Quote# 142391Media report German KSK special forces commando suspended for right-wing extremism
German media report a lieutenant colonel in the KSK special forces unit has been suspended for right-wing social media posts. His opinions reflected the ideas of the "Reichsbürger" extremist movement.
Germany's Bundeswehr has suspended a lieutenant colonel in the elite Special Forces Command (KSK) commando unit on suspicion of right-wing extremism, according to the military's counterintelligence service MAD.
"The person is already known by the MAD," a spokesperson said. "The responsible authorities have already taken disciplinary measures."
The commando, named Daniel K., has received a service and uniform ban. The suspension was first reported by Bild
newspaper, which said the lieutenant colonel was being investigated by the MAD for the spread of right-wing extremism on social media."
According to German news magazine Der Spiegel
, Daniel K. posted opinions in a closed Facebook group that reflected the ideas of the so-called "Reichsbürger" (Citizens of the Reich), a extremist movement in Germany that rejects the Federal Republic as a state and does not recognize the government. He allegedly demanded in a post that the Federal Presidential Office be abolished.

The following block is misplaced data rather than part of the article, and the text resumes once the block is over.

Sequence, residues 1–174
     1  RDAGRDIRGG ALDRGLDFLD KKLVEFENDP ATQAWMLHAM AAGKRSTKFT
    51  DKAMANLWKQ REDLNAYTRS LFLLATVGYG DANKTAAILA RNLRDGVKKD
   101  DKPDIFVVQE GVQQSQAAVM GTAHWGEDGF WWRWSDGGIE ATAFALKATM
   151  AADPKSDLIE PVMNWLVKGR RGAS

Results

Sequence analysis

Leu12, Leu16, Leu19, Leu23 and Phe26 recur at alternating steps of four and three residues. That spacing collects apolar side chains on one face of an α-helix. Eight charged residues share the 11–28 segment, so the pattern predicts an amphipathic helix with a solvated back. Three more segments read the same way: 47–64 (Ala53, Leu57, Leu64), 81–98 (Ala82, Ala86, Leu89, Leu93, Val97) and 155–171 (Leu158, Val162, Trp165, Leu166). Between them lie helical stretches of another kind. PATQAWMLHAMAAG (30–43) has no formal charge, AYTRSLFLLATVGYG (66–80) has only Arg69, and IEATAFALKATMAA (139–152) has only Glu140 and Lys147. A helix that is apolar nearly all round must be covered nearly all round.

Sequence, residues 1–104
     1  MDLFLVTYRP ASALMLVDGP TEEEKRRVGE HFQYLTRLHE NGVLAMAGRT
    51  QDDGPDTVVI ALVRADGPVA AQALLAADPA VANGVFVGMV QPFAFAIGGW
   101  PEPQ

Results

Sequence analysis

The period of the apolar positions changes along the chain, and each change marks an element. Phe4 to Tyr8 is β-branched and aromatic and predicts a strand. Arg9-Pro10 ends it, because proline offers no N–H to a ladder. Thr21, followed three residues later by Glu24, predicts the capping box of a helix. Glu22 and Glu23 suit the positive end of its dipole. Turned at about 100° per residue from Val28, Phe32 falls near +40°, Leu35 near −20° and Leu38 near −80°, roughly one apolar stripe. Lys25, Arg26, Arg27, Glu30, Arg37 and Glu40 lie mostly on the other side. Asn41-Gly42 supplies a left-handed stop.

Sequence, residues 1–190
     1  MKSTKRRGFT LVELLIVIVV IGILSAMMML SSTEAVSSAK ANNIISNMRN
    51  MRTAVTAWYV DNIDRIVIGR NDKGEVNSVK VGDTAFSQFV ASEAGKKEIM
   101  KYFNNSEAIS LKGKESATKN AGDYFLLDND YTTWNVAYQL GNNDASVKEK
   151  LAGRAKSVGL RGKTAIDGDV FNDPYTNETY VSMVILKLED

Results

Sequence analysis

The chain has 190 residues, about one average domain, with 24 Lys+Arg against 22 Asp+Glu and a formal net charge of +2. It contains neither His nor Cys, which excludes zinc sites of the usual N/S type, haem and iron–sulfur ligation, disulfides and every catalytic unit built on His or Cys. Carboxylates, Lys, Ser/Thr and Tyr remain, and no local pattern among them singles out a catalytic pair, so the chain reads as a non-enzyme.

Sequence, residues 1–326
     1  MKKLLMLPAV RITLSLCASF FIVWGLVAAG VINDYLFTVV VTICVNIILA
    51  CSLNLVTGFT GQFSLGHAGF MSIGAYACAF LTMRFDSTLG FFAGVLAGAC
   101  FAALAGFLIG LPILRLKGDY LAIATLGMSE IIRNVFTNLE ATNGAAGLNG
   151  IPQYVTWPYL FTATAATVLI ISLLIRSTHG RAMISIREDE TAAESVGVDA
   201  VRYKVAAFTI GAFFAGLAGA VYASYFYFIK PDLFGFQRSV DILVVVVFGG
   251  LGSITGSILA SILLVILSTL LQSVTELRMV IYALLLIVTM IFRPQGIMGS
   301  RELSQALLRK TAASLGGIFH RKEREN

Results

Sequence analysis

said that Daniel K. was flagged by the MAD in 2007 as a KSK captain after he sent a hate letter to a comrade, for which he received disciplinary sanctions.
Extremism in the Bundeswehr
The KSK, a unit of about 70 soldiers, made headlines last year after a farewell party for a company commander featured a soldier demonstrating the Hitler salute and right-wing rock music.
In January, the accused soldier, Patrick D., accepted a fine amounting to 40 days' pay, or €4,000 ($4,500), after a lengthy trial. He had also been suspended in November 2018.
The MAD said a few weeks ago that it would be screening the Bundeswehr more closely for supporters of the Reichsbürger movement and the doomsday prepper scene. According to MAD, the number of right-wing extremist cases in 2018 was 270, down from 379 the year before. However, suspected cases of references to Islam in the Bundeswehr increased from 46 to 50 last year, and references to foreign extremism rose from 22 to 35.
Daniel K., Deutsche Welle 12 Comments
[2/11/2019 4:30:39 PM]
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